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Price Rigidity and Strategic Uncertainty An Agent-based Approach

  • Robert Somogyi


    (Paris School of Economics)

  • Janos Vincze


    (Institute of Economics - Hungarian Academy of Sciences, Corvinus University of Budapest)

The phenomenon of infrequent price changes has troubled economists for decades. Intuitively one feels that for most price-setters there exists a range of inaction, i.e. a substantial measure of the states of the world, within which they do not wish to modify prevailing prices. However, basic economics tells us that when marginal costs change it is rational to change prices, too. Economists wishing to maintain rationality of price-setters resorted to fixed price adjustment costs as an explanation for price rigidity. In this paper we propose an alternative explanation, without recourse to any sort of physical adjustment cost, by putting strategic interaction into the center-stage of our analysis. Price-making is treated as a repeated oligopoly game. The traditional analysis of these games cannot pinpoint any equilibrium as a reasonable "solution" of the strategic situation. Thus there is genuine strategic uncertainty, a situation where decision-makers are uncertain of the strategies of other decision-makers. Hesitation may lead to inaction. To model this situation we follow the style of agent-based models, by modelling firms that change their pricing strategies following an evolutionary algorithm. Our results are promising. In addition to reproducing the known negative relationship between price rigidity and the level of general inflation, our model exhibits several features observed in real data. Moreover, most prices fall into the theoretical "range" without explicitly building this property into strategies.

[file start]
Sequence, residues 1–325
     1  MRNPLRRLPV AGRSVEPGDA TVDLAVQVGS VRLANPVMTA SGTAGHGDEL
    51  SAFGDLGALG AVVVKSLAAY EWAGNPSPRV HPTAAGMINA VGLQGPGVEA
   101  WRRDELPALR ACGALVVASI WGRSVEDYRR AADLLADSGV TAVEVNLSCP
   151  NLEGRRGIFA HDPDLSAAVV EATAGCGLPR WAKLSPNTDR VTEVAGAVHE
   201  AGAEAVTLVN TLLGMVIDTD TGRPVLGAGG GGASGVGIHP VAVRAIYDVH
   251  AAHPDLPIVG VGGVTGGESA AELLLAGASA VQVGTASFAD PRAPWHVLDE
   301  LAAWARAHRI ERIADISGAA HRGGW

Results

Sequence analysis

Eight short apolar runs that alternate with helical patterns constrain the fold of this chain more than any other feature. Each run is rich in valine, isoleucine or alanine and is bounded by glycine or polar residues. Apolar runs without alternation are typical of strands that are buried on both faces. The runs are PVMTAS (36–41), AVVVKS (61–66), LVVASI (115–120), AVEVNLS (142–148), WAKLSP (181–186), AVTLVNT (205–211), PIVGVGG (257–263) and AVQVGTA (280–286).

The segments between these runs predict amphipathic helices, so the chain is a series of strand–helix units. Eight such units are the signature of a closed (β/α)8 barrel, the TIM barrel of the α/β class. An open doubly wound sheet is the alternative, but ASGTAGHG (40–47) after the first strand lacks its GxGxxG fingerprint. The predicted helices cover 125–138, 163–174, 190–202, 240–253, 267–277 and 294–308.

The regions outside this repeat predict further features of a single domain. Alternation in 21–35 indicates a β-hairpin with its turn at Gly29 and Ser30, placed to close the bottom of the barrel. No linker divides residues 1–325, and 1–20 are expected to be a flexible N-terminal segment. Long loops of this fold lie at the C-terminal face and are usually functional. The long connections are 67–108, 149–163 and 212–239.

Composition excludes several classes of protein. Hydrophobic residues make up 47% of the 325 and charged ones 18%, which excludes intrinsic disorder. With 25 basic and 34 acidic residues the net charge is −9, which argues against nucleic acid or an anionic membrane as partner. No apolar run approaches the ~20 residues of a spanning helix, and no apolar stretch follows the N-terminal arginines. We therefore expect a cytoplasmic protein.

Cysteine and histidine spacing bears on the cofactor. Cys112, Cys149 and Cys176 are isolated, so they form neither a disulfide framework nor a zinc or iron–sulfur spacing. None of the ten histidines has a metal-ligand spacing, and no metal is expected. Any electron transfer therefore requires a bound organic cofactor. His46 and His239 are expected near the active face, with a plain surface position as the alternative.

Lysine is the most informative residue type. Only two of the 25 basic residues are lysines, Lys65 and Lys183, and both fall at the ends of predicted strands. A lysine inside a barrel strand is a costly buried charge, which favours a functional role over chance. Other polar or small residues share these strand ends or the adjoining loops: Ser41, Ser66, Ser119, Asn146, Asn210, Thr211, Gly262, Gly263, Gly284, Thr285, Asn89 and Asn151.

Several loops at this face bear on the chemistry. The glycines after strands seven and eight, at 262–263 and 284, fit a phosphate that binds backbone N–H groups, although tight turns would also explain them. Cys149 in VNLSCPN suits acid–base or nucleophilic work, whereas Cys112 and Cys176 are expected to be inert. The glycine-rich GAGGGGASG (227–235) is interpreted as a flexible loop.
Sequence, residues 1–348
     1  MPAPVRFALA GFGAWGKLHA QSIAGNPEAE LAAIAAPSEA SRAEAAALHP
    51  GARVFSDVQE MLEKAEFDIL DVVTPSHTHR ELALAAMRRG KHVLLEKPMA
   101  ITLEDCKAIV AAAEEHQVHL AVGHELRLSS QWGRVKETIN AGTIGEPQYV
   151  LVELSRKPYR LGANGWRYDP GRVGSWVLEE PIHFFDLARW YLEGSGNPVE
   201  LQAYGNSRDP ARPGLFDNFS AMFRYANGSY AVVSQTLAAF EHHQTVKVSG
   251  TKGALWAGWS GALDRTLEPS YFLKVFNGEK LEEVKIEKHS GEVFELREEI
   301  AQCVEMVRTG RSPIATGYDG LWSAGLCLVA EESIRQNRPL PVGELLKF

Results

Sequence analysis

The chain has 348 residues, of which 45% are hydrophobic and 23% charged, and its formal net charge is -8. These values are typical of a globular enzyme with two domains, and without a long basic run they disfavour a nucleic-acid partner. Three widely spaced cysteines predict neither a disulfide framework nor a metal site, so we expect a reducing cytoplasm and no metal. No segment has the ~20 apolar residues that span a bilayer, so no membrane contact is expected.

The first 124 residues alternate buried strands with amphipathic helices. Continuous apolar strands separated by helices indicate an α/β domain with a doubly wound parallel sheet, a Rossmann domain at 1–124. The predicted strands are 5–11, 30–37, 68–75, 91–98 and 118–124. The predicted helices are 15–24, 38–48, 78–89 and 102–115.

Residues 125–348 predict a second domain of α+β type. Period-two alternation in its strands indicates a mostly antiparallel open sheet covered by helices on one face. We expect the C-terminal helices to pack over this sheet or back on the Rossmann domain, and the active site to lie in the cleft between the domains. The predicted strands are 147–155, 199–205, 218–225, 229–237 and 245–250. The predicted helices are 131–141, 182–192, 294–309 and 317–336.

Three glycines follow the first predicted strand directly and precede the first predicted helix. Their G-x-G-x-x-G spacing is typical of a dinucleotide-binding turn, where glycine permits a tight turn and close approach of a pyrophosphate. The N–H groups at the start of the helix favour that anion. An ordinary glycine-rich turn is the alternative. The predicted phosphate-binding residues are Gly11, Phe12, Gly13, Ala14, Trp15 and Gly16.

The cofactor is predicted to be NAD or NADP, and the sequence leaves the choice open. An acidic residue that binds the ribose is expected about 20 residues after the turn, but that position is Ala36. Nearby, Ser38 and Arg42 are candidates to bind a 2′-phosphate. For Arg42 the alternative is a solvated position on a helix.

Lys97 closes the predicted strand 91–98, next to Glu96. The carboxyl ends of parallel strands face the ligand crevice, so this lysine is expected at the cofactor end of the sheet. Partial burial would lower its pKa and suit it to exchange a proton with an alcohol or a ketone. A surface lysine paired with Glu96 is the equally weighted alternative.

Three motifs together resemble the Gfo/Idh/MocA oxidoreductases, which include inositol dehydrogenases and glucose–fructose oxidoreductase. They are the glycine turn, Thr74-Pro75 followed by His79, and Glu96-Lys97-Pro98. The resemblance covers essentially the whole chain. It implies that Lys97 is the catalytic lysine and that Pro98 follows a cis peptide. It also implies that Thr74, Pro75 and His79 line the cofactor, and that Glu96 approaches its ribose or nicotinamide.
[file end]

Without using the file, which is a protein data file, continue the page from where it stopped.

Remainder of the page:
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Paper provided by Institute of Economics, Centre for Economic and Regional Studies, Hungarian Academy of Sciences in its series IEHAS Discussion Papers with number 1135.

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Length: 21 pages
Date of creation: Sep 2011
Date of revision:
Handle: RePEc:has:discpr:1135
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